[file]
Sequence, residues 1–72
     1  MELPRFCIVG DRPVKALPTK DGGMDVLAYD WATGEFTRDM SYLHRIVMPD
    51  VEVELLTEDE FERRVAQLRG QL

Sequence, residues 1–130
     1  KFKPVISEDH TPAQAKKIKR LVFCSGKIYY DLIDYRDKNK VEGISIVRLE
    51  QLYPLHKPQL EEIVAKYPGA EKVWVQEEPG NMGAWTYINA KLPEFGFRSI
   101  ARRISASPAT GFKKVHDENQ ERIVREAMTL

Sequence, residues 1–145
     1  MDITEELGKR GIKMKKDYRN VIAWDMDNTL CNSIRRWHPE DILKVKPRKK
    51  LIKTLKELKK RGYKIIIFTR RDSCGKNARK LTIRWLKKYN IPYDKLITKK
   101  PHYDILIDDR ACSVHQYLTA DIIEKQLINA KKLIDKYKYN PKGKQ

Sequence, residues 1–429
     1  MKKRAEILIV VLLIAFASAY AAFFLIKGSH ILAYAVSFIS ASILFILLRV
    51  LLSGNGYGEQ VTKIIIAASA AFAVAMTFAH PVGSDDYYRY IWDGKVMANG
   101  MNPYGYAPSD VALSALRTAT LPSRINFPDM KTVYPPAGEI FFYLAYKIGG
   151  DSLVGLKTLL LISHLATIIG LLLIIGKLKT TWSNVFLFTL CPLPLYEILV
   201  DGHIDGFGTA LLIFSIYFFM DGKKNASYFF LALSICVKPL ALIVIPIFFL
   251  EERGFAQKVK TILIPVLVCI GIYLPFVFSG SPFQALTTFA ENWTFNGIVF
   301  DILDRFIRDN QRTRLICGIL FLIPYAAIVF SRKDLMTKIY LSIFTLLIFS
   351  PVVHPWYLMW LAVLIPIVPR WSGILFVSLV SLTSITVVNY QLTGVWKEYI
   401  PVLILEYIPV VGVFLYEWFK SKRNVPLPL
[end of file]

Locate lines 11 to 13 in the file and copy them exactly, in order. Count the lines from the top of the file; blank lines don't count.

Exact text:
   101  PHYDILIDDR ACSVHQYLTA DIIEKQLINA KKLIDKYKYN PKGKQ

Sequence, residues 1–429
     1  MKKRAEILIV VLLIAFASAY AAFFLIKGSH ILAYAVSFIS ASILFILLRV